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Detail from Baptista Trovamala, Incipit summa casuu[m] vtilissima [1488].

The earliest examples of European publishing between 1470-1500, evidencing key subjects of importance at the dawn of printing.

The collection comprises a large number of works on theology such as: the Catena Aurea of Thomas Aquinas, a commentary on the four Gospels constructed on numerous citations from the Fathers; St. Augustine’s famous De civitate Dei in Italian; and the Dominican Girolamo Savonarola’s Compenium revelationum also in Italian.

A copy of Opus trivium (Lyon, 1500) written by the Dominican theologian John Bromyard (d. 1352) is unusual as the copy is bound in a medieval manuscript musical score. A tract on moral theology by Johannes Watton (fl. ca. 1360-1370) is a seemingly unique copy in the UK; only one other complete copy is known to exist in the world.

Works on philosophy include Summa angelica de casbus conscientiae by Angelus de Clavasio and De ingenuis moribus by the humanist scholar Petrus Vergerius. Literary works, such as a 1492 copy of Macrobius’ In somnium scipionis exposito, are also held. Trionfi, or Triumphs by Francesco Petrarch (1304-1374) was an extremely popular series of vision poems after the manner of Dante’s Divine Comedy, based on the triumphs of ancient Rome. Evidence indicates the collection’s copy is the only copy in the UK.

Other works of note include Fasciculus temporum (Cologne, 1474) by Werner Rolewinck, which was, in the late 15th century, an indispensable reference work on world history. It employs a distinctive and original graphical design. The text is not arranged in columns; instead, multiple chronologies are arranged in parallel, horizontally across the pages - a noteworthy achievement in the history of printing and a pivotal development in historiography. In addition, there are herbals, works on law and canon law, grammar and oratory, poetry, geography and hagiography.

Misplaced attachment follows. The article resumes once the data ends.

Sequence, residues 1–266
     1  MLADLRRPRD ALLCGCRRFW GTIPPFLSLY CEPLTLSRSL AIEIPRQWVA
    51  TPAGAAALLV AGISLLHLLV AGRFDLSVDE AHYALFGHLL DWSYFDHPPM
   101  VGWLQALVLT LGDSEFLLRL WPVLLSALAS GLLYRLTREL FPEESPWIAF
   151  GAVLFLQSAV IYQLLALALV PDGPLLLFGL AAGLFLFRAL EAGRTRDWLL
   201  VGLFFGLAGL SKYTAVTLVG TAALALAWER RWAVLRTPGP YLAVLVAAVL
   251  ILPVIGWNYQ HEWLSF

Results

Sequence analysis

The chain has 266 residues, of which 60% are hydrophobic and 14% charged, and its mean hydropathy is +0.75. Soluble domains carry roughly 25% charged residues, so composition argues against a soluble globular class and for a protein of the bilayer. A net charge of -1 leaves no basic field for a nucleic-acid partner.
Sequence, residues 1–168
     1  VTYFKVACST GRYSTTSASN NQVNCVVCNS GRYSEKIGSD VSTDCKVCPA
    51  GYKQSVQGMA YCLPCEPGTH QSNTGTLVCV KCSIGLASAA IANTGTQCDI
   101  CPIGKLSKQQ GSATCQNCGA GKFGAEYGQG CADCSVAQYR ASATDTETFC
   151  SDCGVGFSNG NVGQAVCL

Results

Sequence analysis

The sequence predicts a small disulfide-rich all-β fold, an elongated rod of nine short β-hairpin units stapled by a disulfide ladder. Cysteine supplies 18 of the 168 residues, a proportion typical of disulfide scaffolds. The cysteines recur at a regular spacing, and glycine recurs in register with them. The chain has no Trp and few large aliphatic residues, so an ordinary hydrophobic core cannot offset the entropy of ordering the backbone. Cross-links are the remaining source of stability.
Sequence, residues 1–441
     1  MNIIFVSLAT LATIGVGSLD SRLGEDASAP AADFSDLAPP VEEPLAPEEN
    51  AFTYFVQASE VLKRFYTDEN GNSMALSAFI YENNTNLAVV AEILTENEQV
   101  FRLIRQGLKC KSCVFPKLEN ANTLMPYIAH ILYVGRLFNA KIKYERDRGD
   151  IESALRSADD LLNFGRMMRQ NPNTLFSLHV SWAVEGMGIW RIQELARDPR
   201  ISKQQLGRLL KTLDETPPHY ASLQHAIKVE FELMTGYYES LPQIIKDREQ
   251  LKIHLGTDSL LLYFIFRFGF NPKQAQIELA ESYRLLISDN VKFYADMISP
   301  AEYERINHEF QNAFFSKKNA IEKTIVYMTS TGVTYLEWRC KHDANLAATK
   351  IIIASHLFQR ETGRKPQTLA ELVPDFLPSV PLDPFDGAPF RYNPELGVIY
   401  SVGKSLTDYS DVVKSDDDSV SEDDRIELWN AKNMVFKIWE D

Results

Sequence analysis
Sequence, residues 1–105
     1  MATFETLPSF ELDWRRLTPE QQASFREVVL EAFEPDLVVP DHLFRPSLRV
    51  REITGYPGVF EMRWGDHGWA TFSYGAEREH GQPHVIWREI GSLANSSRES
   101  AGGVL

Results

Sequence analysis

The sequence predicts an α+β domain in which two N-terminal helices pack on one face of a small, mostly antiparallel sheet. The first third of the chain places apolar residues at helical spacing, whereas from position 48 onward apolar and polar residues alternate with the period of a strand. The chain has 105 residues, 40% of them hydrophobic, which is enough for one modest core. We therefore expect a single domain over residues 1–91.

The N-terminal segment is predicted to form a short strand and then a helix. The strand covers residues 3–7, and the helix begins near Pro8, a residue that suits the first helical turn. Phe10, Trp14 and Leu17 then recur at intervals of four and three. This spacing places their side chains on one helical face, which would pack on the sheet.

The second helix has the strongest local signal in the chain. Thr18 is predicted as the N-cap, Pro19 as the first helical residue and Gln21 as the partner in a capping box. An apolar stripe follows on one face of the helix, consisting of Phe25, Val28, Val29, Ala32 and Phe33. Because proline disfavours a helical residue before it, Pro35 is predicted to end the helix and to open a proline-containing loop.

These works range across all the major early printing centres in Western Europe, including Venice, Lyon and Nuremburg. Works are in either Latin or Italian, and the collection does not include any English imprints, although the library holds several facsimile editions of Caxton and De Worde.

Many examples of marginalia are to be found, ranging from just a few words to extensive notes. Some of the volumes contain hand-written pages or pieces of manuscript used in the binding. Other features include pen and ink illustrations and illuminated pictures and lettering.

The incunabula collection is one of only three such collections in Wales. Around 90% of these incunabula are not held anywhere else in Wales, and the annotated copies make them totally unique.

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Special Collections and Archives